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Abstract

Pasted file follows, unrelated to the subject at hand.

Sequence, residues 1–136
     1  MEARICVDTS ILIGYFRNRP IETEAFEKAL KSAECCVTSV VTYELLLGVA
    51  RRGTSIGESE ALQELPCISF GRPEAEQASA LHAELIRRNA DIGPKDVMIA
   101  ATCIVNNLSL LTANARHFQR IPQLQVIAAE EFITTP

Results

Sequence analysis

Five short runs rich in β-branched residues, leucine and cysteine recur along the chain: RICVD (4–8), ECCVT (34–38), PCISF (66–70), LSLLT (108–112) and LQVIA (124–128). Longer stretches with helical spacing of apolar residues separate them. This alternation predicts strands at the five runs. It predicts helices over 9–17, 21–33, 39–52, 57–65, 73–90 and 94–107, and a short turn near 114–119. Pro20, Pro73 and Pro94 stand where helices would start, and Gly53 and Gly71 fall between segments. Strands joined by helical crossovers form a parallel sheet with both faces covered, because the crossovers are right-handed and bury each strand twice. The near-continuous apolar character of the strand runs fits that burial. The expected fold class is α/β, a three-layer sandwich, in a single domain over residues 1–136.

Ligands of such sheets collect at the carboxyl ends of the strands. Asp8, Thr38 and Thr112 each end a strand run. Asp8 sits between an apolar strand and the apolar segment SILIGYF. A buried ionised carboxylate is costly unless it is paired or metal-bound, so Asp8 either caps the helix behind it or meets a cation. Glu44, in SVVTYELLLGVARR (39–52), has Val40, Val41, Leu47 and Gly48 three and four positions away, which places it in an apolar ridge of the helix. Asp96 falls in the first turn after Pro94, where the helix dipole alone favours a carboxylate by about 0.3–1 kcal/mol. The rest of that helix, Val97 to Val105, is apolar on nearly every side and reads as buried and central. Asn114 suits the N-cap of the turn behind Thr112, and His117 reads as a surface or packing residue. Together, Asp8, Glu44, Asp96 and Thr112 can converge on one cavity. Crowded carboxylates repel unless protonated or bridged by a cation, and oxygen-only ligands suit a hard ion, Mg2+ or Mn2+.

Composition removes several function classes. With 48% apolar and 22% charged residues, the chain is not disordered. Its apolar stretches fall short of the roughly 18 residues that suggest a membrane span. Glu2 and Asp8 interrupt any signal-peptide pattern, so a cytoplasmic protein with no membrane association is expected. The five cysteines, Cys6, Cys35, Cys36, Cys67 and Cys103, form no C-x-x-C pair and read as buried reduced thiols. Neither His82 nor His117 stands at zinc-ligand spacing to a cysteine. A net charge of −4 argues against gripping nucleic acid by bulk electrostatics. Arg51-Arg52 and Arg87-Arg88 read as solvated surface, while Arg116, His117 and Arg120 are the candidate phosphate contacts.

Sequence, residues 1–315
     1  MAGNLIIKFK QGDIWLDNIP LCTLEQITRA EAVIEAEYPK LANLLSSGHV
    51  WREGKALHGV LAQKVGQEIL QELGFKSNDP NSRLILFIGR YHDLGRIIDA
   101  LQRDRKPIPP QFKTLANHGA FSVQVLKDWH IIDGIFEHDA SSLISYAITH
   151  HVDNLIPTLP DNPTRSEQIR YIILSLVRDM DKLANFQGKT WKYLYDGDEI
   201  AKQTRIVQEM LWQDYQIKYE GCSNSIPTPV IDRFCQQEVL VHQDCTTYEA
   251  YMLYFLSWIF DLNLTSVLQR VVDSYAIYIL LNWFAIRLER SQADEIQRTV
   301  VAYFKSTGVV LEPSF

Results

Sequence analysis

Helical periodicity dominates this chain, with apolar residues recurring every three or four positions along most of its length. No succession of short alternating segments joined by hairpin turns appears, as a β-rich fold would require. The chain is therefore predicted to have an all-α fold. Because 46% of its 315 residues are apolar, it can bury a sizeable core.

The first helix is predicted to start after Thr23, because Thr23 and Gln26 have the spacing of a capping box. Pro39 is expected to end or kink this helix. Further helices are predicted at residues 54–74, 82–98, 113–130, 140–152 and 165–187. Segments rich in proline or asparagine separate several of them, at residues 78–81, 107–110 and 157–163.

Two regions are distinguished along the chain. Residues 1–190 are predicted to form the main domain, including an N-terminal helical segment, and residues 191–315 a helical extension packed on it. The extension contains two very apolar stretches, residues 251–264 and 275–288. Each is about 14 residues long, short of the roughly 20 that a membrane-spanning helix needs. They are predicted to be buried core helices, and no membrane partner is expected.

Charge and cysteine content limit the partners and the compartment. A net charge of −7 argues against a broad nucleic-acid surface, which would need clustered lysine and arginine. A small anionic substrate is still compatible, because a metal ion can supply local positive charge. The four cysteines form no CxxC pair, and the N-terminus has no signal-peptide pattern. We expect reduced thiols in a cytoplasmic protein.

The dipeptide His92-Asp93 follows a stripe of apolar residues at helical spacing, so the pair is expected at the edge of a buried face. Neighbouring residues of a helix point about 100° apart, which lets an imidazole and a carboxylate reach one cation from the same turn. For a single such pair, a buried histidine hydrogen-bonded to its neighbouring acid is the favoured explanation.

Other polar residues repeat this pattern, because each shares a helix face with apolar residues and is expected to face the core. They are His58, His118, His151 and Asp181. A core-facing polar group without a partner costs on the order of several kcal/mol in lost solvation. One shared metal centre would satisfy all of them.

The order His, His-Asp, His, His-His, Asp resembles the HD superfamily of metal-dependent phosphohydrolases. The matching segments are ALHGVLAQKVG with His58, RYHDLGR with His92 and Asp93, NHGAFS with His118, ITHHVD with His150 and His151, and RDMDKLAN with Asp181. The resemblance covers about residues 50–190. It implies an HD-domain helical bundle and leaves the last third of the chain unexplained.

An inclusive sense of ‘opera’ is distinguished from the Western high-art sense. The problem of aesthetic unity in opera is discussed in relation to (i) hybrid art forms (Kivy’s idea of antithetical arts, Levinson’s account of hybridity, and Ridley’s critique of it); (ii) specific operatic styles (Hegel on Handel and Rossini, Kerman, Kivy and Davies on Mozart, Goehr and Magee on Wagner); (iii) individual operatic productions and performances (Tanner on Kupfer, Williams on Sellars). The article includes links to video clips from operatic performances.